Ferrier is a lording at the edge of the Great Desert, supplied by sheep farms and underground aquifers that allow it to stay productive. The reptile men in the region have come to a sort of understanding wherein the are allowed to steal at least a few sheep every once and a while, but can never harm a human lest they suffer reprisal. Baron Nabbick of Ferrier doesn't actually care about the rebel cause so much as he just really wanted to be tax exempt and have greater financial control of his lording.

Oakwood
While a rather uninteresting general "forest and fields" part of Caithness, Oakwood is infamous for the vicious Lord Brance. The nephew of the former lord who died from illness in 1996, Brance is arrogant, violent, racist, and generally an unpleasant person. The halflings of Oakwood have turned to the Royalist cause and gladly act as spies, while the human subjects are preparing to overthrow Brance and replace him with someone who actually cares.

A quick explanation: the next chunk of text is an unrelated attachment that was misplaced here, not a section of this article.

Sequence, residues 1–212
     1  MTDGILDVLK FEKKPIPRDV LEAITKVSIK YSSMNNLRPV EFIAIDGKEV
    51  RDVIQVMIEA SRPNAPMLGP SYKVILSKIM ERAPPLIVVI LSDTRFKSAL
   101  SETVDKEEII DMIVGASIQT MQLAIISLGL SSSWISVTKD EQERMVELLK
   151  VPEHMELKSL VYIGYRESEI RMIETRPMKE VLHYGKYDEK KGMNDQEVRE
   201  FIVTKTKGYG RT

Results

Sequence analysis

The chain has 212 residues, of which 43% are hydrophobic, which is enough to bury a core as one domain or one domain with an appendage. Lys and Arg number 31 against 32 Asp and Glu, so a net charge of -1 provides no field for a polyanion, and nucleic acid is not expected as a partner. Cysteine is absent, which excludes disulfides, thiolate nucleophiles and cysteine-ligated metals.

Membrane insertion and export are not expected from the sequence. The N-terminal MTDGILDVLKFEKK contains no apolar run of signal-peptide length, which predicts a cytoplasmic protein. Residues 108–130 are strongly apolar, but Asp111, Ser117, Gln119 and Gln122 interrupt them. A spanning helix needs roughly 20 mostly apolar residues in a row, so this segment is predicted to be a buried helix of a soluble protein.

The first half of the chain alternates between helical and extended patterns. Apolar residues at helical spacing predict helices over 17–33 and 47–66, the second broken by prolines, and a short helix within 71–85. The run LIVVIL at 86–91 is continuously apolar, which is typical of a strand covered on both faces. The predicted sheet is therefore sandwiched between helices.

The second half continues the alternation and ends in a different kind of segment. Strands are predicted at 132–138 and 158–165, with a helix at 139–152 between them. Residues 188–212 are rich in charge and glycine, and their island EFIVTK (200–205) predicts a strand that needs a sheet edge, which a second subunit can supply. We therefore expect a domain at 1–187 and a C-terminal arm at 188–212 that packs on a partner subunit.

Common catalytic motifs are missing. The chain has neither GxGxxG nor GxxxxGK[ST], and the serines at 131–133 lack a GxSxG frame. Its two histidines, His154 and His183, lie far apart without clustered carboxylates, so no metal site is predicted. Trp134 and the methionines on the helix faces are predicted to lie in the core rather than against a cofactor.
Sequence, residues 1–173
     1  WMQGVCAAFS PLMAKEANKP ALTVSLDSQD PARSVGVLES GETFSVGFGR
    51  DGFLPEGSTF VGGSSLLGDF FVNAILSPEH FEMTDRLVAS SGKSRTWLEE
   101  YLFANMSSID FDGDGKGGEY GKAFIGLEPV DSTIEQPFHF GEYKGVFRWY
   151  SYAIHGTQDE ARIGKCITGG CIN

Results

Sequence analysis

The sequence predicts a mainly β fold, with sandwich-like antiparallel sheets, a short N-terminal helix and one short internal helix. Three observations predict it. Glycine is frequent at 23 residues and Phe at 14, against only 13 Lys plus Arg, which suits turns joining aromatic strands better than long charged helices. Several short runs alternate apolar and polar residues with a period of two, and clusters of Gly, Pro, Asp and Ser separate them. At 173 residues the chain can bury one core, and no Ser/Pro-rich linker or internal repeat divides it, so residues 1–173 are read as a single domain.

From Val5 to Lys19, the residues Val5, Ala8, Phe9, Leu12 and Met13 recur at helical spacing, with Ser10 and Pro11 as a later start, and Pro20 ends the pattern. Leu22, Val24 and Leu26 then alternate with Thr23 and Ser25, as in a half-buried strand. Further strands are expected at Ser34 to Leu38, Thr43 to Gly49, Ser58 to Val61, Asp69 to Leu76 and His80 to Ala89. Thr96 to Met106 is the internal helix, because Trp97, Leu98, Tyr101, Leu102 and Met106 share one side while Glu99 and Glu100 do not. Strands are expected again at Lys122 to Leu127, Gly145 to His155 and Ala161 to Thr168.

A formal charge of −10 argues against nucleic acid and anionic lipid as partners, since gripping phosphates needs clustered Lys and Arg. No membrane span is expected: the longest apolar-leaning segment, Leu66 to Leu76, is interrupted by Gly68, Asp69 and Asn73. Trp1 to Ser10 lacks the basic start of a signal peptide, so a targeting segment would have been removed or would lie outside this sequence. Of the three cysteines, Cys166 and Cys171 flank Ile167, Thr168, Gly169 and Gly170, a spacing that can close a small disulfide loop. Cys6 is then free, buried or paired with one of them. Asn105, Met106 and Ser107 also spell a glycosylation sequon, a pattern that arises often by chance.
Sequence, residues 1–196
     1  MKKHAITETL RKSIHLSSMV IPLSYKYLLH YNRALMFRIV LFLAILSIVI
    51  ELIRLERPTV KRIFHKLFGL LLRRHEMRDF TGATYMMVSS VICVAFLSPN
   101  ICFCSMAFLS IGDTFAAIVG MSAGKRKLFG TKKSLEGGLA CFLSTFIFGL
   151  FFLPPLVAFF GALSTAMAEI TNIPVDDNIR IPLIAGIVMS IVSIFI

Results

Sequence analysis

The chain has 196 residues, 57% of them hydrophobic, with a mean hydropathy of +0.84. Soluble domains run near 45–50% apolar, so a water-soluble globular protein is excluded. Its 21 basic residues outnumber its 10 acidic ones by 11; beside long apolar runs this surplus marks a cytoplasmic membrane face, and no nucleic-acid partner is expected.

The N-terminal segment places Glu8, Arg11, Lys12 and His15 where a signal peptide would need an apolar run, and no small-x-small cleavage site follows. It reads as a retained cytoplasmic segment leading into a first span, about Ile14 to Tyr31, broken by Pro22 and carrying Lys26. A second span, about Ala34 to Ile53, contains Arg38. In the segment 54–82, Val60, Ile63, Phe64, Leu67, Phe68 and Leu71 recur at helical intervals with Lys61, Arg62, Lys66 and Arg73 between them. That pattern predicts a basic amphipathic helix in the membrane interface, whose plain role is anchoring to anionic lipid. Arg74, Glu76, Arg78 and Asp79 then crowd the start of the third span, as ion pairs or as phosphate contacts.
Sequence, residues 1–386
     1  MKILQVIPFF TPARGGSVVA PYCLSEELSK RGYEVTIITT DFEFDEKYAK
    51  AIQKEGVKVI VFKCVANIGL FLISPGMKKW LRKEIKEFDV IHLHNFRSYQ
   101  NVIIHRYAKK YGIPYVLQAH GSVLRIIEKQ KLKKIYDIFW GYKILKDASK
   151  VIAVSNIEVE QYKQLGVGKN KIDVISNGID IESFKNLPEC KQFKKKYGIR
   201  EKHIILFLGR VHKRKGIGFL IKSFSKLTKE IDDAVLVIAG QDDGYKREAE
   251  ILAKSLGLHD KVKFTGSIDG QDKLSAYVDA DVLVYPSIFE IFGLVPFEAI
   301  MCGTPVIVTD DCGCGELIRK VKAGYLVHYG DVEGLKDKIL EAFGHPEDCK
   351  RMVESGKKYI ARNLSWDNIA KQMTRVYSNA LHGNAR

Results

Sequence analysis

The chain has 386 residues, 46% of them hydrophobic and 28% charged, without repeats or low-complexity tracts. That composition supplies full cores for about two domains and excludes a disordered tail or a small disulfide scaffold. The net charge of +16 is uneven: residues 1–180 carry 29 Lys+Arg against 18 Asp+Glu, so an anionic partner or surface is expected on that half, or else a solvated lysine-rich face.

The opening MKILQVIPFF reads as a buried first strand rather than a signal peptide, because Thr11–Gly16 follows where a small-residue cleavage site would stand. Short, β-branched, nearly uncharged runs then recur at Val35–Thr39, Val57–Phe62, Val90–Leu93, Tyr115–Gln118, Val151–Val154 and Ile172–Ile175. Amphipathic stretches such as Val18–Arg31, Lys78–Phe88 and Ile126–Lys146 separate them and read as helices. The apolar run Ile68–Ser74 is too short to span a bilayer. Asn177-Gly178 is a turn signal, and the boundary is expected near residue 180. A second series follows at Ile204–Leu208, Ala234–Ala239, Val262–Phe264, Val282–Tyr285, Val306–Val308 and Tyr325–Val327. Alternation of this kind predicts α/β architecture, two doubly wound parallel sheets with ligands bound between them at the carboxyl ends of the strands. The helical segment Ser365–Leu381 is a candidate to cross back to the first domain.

Sterling
In a sea of power-mongers, tax evaders, and general assholes, Sterling's Lord Towne stands out as being a genuinely idealistic man who believes that the rebellion is in the best interest of his people and honoring the memory of his late father, who Deneral claims should have been king in Conall's stead. Sterling is well known for its alcohol, particularly the barley beer Sterling Gold and clear whiskey Sterling Silver, both of which are sold for luxurious prices as far away as Cardiel.

Wallace
Another shepherding town on the fringes of the Great Desert, Wallace is famous for a large gold mine several days away. The mine seems to be subject to a dark curse, however: every time someone decides to strike it rich, they manage to haul out a large amount of gold, but then suddenly have all their workers disappear without a trace. Just what's down in the mines is a mystery, but some claims include reptile men, orcs, a dragon guarding its hoard, or even undead dwarves. Lord William of Wallace is another actually idealistic member of the rebellion, who joined out of resentment toward Connal for protecting the throne against Deneral in 1994 instead of helping the citizens of the far-flung Castle Defiant as they were besieged by orcs.